Reviews, articles, rants & ramblings on the darker side of the media fringe

Archive for May, 2014

Best Horror Films of 2013 – Early 2014

Best-Horror_2013-20142013 to early 2014 (we get some movies late down here in Australia. Last year was a better than average year in the horror genre. For all the usual whining and complaints on numerous horror-themed websites, as well as here, there was some good work over the last year.
So, here’s my list of best and worst of 2013 (and a bit), from what I’ve seen…

BEST CINEMA RELEASE FILMS
Evil Dead (I know a lot of people hated it, but it’s my list and I liked it)
Maniac
Stoker

BEST DIRECT TO VIDEO / VOD FILMS
American Mary
Berberian Sound Studio
We Are What We Are

BEST FOREIGN LANGUAGE HORROR
Here Comes The Devil

BEST DIRECTOR
Franck Khalfoun – Maniac
Special mention to Jen & Sylvia Soska for American Mary

BEST ACTOR
Elijah Wood – Maniac

BEST ACTRESS
Katherine Isabelle – American Mary

BEST SCREENPLAY
Jen & Sylvia Soska – American Mary

BEST SCORE
Rob – Maniac

BEST MAKE-UP EFX
Roger Murray & Jane O’Kane – Evil Dead

DISAPPOINTMENT
Carrie – Good performances but just a bit lame.

WORST FILM
Frankenstein’s Army – More of that CG ‘Horror’ started by the godawful Van Helsing, ‘perfected’ by Underworld and now everywhere… and I hate it all.

It’s obvious from the list that I really liked American Mary. It was probably my favourite horror movie of the year… best story and the Soska twins would have taken out best direction if Maniac hadn’t been so incredibly well constructed by Franck Khalfoun. Feel free to comment…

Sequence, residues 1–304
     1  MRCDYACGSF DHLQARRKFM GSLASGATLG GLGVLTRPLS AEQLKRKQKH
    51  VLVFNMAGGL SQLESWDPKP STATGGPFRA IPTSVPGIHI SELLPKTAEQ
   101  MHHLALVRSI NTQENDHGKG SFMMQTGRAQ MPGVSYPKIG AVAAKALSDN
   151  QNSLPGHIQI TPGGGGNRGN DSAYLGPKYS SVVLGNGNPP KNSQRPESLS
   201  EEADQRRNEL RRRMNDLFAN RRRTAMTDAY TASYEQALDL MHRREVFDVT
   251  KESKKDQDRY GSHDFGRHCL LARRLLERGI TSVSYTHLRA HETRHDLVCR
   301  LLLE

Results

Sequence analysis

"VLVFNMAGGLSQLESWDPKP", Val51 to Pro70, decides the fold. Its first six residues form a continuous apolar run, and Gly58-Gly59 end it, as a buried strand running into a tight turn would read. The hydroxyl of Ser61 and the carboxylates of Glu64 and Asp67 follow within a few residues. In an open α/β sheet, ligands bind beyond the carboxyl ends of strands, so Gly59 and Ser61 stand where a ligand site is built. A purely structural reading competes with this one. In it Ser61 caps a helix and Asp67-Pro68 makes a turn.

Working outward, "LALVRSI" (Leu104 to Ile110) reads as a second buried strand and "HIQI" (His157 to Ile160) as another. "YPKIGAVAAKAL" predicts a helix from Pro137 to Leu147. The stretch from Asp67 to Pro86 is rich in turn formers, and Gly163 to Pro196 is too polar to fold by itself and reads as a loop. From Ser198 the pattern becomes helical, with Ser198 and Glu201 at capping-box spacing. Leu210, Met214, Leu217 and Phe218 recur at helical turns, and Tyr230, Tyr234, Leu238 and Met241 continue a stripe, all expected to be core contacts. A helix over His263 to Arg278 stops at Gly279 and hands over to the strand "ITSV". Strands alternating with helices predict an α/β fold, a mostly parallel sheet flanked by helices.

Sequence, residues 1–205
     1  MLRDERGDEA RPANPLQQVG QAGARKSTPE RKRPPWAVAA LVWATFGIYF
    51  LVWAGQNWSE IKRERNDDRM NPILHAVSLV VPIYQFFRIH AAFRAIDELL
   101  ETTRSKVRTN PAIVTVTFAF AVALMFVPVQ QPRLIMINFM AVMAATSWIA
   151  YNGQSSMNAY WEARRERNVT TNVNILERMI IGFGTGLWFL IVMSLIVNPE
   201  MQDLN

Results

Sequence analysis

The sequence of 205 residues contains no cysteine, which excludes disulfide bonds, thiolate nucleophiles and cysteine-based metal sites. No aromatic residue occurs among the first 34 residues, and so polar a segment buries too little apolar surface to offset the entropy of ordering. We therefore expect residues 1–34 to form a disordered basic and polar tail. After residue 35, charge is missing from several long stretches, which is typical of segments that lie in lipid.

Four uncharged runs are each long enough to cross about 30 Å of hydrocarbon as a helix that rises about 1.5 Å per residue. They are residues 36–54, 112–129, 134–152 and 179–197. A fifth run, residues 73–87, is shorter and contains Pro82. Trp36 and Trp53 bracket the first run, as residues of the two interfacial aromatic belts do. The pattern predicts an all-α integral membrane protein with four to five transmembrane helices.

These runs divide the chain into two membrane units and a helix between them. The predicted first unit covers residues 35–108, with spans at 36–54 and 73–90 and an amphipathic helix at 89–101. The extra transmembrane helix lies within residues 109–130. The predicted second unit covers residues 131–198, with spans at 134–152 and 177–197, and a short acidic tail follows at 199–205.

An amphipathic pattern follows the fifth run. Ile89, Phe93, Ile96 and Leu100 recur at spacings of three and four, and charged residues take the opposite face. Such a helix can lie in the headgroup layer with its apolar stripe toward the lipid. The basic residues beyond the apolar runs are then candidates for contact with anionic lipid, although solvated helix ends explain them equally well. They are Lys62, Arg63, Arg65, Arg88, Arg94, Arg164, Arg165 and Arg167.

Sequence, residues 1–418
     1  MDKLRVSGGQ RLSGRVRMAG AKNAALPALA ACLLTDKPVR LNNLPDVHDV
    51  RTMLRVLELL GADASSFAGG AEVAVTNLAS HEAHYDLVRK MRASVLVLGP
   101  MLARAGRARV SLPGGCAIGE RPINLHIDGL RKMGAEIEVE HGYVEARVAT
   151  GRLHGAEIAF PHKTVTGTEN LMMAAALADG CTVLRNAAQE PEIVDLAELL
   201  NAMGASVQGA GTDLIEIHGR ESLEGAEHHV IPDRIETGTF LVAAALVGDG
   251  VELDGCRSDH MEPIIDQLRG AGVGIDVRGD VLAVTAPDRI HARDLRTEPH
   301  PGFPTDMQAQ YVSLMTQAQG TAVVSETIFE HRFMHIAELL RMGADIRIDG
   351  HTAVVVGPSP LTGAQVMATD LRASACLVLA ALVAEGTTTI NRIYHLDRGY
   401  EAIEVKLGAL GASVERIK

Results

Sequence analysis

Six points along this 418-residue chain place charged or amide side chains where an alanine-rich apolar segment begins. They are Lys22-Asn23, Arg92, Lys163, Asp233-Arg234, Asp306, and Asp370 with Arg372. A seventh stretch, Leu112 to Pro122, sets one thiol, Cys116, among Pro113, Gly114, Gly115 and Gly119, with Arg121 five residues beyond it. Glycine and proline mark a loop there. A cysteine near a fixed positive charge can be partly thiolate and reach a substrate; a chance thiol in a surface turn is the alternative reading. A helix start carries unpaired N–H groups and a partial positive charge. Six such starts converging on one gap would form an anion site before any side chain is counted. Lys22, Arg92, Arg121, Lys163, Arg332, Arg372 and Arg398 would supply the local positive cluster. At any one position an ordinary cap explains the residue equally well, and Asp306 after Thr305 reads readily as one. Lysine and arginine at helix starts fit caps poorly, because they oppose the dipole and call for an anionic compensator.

Sin City – MPAA Banned Poster

Apparently this poster shows too much for the MPAA who have banned it… I think it’s bloody great.

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X-Men: Days of Future Past – Infographic

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Big Trouble in Little China – Eric Powell

big-trouble-in-little-china1John Carpenter’s 1986 kung fu fantasy masterpiece Big Trouble in Little China was a flop when it was first released, but a long life on home video helped foster a retroactive appreciation for star Kurt Russell’s fast-talking Jack Burton and the style with which Carpenter delivers his crazy tale. It is now a bona fide cult classic, and it is getting resurrected in comic book form.

Beginning with the first issue on June 4, Boom! Studios will be rolling out Big Trouble in Little China, the new comic book series co-written by Eric Powell (creator of the awesome series The Goon) and Carpenter, with art care of Brian Churilla (creator of the critically acclaimed The Secret History of D.B. Cooper). In the comic, Burton — still played by the likeness of the mullet-clad Russell — finds a series of new adventures aboard the Pork Chop Express, the big rig he kept trying to recover in the film.

Though they hadn’t met before, Carpenter and Powell found kindred spirits in one another. “I had a definite idea of what I wanted to do with it,” says Powell. “The minute we sat down and started talking, what he thought we should do was exactly what I had in mind. We were on the same page from the beginning.” Carpenter describes their working relationship thusly: “Eric works really hard, sends his stuff to me, and I say, ‘Good job!’” the director says. “It’s a great process. It’s one I can actually do.”